They are very proper forest houses, the stems of the trees collected together and piled up around a man to keep out wind and rain, — made of living green logs, hanging with moss and lichen, and with the curls and fringes of the yellow-birch bark, and dripping with resin, fresh and moist, and redolent of swampy odors, with that sort of vigor and perennialness even about them that toadstools suggest. The logger's fare consists of tea, molasses, flour, pork (sometimes beef), and beans. A great proportion of the beans raised in Massachusetts find their market here. On expeditions it is only hard bread and pork, often raw, slice upon slice, with tea or water, as the case may be.
The primitive wood is always and everywhere damp and mossy, so that I travelled constantly with the impression that I was in a swamp; and only when it was remarked that this or that tract, judging from the quality of the timber on it, would make a profitable clearing, was I reminded, that if the sun were let in it would make a dry field, like the few I had seen, at once. The best shod for the most part travel with wet feet. If the ground was so wet and spongy at this, the dryest part of a dry season, what must it be in the spring? The woods hereabouts abounded in beech and yellow birch, of which last there were some very large specimens; also spruce, cedar, fir, and hemlock; but we saw only the stumps of the white pine here, some of them of great size, these having been already culled out, being the only tree much sought after, even as low down as this. Only a little spruce and hemlock beside had been logged here. The Eastern wood which is sold for fuel in Massachusetts all comes from below Bangor. It was the pine alone, chiefly the white pine, that had tempted any but the hunter to precede us on this route.
Waite's farm, thirteen miles from the Point, is an extensive and elevated clearing, from which we got a fine view of the river, rippling and gleaming far beneath us. My companions had formerly had a good view of Ktaadn and the other mountains here, but to-day it was so smoky that we could see nothing of them. We could overlook an immense country of uninterrupted forest, stretching away up the East Branch toward Canada, on the north and northwest, and toward the Aroostook valley on the northeast; and imagine what wild life was stirring in its midst. Here was quite a field of corn for this region, whose peculiar dry scent we perceived a third of a mile off, before we saw it.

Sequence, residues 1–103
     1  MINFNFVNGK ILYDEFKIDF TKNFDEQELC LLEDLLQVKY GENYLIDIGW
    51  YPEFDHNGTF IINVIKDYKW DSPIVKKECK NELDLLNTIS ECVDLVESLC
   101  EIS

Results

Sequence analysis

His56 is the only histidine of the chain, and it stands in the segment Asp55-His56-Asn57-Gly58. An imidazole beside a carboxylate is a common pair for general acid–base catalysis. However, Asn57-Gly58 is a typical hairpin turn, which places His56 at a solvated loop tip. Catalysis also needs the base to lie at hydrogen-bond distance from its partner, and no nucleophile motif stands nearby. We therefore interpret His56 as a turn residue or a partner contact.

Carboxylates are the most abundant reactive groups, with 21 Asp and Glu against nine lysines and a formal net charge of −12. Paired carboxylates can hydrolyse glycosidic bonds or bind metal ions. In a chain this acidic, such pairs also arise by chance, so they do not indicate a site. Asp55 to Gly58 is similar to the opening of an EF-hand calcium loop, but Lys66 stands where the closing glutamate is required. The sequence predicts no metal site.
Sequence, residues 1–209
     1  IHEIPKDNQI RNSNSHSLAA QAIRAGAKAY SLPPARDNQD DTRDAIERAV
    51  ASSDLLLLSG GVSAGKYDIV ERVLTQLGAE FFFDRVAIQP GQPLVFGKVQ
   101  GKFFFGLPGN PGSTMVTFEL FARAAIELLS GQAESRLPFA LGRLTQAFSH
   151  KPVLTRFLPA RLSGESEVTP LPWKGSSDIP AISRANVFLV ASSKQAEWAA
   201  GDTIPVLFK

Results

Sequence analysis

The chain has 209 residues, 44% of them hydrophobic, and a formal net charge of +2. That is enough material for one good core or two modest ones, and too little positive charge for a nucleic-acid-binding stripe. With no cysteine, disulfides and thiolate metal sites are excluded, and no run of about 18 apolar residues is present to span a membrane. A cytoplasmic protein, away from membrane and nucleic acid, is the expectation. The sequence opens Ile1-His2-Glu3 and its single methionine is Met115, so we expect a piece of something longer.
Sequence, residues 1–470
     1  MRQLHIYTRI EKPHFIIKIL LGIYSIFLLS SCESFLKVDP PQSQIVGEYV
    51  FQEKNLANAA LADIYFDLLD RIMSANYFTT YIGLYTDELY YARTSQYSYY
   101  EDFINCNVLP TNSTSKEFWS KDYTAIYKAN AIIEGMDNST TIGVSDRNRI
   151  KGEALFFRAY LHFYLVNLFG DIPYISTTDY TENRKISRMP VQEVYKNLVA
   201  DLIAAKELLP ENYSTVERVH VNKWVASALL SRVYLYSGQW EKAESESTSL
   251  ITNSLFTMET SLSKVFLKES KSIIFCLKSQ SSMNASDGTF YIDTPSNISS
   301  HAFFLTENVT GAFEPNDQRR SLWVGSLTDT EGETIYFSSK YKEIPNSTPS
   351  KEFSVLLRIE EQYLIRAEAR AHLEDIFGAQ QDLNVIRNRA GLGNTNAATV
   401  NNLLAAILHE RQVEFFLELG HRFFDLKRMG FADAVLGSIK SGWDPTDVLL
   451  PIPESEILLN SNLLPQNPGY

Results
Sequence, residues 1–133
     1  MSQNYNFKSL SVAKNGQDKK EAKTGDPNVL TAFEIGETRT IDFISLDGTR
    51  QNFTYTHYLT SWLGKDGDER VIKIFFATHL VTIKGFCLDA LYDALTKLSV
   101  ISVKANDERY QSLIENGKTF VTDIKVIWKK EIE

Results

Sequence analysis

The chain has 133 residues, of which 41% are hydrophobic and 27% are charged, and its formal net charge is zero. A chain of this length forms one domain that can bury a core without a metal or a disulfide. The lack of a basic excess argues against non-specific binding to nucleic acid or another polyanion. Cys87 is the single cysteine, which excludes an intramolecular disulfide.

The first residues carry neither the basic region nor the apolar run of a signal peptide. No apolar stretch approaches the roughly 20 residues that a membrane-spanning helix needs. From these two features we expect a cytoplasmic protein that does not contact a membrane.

Eighteen miles from the Point brought us in sight of McCauslin's, or "Uncle George's," as he was familiarly called by my companions, to whom he was well known, where we intended to break our long fast. His house was in the midst of an extensive clearing of intervale, at the mouth of the Little Schoodic River, on the opposite or north bank of the Penobscot. So we collected on a point of the shore, that we might be seen, and fired our gun as a signal, which brought out his dogs forthwith, and thereafter their master, who in due time took us across in his batteau. This clearing was bounded abruptly, on all sides but the river, by the naked stems of the forest, as if you were to cut only a few feet square in the midst of a thousand acres of mowing, and set down a thimble therein. He had a whole heaven and horizon to himself, and the sun seemed to be journeying over his clearing only the livelong day. Here we concluded to spend the night, and wait for the Indians, as there was no stopping-place so convenient above. He had seen no Indians pass, and this did not often happen without his knowledge. He thought that his dogs sometimes gave notice of the approach of Indians half an hour before they arrived.